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AMES, WILLIAM E. - A History of the National Intelligencer

Chapel Hill, The University of North Carolina Press. 1972, First Edition. (ISBN: 0807811785) Hardcover with dust jacket, 8vo - over 7¾" - 9¾" tall. The National Intelligencer newspaper was published in Washington, D.C. from about 1800 until 1869. Until 1810 it was named the National intelligencer, and Washington advertiser. Its name changed to the National Intelligencer starting with the issue of November 27, 1810. The newspaper was published daily from 1813 to 1867 as the Daily National Intelligencer and was the dominant newspaper of the capitol. Samuel Harrison Smith, a prominent newspaperman, was an early proprietor. William Winston Seaton and Joseph Gales were its publishers for more than 50 years. At first, Gales was the Senate's sole reporter, and Seaton reported on the House of Representatives. The Intelligencer supported the Jefferson, Madison, and Monroe administrations, and Gales and Seaton were selected as the official printers of Congress from 1819 to 1829. In addition to printing government documents, they began compiling their reports of floor debates and publishing them in the Register of Debates, a forerunner of the Congressional Record. Gales and Seaton flourished during the "Era of Good Feelings," a period of relative political complacency, but after Congress was split between the Whigs and Democrats, the partners lost their official patronage. From the 1830s to the 1850s, the National Intelligencer was one of the nation's leading Whig newspapers, and continued to hold conservative, unionist principles down to the Civil War, supporting John Bell and the Constitutional Union Party in the 1860 presidential election. The National Intelligencer continued to be published until 1869; Gales died in 1860 and Seaton retired in 1864. Fine/Fine.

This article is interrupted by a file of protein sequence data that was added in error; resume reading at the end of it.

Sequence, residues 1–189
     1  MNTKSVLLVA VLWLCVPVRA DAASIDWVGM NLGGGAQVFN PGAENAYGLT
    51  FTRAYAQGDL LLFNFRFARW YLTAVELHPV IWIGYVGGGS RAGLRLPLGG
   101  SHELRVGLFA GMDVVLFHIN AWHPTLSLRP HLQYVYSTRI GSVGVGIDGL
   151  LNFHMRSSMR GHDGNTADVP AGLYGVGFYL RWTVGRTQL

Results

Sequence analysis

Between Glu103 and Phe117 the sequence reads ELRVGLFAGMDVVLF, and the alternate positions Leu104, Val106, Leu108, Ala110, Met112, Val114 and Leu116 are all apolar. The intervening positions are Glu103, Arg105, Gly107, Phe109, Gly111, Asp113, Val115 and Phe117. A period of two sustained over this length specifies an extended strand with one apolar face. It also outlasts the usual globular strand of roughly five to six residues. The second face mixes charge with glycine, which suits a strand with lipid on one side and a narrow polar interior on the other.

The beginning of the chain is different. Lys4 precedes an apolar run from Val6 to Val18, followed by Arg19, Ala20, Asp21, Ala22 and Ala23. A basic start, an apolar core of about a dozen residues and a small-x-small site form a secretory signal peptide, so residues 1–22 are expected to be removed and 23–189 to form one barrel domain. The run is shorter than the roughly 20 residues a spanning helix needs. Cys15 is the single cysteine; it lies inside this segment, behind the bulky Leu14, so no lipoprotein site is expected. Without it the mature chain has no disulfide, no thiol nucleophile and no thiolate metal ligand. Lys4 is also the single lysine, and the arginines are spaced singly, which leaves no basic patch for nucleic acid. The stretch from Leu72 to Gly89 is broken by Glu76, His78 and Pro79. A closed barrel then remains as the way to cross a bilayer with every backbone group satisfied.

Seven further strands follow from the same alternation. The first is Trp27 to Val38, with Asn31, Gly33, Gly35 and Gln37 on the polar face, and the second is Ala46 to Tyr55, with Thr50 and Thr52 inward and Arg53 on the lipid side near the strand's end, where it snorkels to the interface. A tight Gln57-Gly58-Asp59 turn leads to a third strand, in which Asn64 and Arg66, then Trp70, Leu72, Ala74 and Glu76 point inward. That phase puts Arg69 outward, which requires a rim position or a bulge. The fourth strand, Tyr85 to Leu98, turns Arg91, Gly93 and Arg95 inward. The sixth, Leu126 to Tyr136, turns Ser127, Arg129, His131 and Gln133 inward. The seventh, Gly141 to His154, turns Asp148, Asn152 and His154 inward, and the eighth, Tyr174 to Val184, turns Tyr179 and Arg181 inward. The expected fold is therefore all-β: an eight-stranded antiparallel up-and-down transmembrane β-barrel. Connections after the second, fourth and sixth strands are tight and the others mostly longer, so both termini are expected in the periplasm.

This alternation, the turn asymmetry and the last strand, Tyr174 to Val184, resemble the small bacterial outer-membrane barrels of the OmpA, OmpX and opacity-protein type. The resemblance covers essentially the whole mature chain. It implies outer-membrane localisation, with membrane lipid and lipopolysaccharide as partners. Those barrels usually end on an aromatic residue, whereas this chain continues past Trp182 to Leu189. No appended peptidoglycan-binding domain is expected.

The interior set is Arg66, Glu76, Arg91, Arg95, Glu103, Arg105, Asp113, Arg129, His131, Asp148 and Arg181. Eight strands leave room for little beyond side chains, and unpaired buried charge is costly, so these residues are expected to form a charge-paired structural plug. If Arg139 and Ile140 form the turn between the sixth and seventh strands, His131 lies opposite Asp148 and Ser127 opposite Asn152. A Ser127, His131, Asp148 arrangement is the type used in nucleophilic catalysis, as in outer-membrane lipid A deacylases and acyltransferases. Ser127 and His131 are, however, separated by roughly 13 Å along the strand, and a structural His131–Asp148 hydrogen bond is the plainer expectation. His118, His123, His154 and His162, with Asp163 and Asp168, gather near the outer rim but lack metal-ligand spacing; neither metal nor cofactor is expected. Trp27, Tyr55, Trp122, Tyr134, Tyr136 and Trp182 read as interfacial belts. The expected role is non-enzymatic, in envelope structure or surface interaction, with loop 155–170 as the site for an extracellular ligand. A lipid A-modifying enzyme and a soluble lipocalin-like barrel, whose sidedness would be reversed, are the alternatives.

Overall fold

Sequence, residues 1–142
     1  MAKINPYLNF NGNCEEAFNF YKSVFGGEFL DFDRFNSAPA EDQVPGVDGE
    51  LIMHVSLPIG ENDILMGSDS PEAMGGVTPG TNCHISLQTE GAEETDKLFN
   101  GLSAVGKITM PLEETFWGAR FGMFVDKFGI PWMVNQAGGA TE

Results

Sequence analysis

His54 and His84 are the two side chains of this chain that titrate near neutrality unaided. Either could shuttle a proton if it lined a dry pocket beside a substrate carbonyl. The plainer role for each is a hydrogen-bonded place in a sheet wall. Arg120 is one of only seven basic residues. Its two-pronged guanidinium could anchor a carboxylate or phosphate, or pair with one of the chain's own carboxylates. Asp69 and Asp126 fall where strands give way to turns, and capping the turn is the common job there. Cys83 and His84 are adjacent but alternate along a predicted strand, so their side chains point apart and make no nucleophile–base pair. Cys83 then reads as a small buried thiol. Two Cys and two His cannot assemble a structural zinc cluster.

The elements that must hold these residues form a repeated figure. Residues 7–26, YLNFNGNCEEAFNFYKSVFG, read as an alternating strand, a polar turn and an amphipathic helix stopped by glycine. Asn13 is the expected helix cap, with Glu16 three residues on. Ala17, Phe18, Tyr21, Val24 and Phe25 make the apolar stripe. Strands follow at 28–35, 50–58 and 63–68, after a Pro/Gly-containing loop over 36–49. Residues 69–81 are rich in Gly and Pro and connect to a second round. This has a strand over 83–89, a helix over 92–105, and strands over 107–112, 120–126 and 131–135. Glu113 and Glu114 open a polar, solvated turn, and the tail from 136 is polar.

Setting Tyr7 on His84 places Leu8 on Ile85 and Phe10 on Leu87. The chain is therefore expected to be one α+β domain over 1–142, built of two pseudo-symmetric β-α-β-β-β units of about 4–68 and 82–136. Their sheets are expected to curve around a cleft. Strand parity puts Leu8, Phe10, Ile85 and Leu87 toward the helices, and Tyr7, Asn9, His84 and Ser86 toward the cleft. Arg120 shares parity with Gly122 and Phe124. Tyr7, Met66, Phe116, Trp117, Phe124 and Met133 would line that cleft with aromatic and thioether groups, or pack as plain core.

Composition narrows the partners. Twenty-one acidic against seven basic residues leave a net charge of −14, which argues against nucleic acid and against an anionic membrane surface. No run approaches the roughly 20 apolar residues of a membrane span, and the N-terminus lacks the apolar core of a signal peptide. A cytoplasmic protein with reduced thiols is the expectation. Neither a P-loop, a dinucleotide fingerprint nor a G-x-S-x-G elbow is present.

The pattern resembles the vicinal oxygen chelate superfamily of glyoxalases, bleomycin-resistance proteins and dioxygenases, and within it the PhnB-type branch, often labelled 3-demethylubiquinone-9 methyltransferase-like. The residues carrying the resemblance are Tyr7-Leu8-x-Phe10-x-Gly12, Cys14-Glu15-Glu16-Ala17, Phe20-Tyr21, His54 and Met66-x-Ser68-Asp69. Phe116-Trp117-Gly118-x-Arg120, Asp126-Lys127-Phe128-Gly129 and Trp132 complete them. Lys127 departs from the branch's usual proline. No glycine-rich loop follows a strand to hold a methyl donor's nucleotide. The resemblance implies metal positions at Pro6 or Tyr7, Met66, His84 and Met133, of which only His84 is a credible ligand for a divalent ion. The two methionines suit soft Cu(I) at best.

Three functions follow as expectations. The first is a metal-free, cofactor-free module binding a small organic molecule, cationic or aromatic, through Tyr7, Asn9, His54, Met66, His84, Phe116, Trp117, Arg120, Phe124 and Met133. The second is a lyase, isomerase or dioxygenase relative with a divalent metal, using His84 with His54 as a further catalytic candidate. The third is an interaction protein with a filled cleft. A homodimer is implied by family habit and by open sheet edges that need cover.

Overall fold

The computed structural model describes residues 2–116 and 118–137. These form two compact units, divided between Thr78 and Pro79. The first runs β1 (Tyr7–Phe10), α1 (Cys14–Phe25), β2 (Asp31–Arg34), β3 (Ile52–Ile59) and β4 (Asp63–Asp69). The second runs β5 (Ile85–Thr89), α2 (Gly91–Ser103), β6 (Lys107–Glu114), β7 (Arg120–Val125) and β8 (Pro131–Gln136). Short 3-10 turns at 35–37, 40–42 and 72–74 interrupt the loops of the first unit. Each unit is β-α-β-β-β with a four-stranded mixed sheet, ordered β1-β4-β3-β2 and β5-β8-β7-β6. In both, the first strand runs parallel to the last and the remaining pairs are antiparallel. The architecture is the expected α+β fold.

GBP 18.00 [Appr.: EURO 20.5 US$ 22.45 | JP¥ 2419] Book number 022346

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